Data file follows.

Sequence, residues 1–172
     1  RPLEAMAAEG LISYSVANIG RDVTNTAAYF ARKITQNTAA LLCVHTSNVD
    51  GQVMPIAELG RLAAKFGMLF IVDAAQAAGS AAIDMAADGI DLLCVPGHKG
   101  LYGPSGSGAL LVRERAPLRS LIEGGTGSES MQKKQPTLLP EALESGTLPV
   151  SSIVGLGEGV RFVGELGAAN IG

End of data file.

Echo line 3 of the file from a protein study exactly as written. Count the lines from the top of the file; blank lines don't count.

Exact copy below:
    51  GQVMPIAELG RLAAKFGMLF IVDAAQAAGS AAIDMAADGI DLLCVPGHKG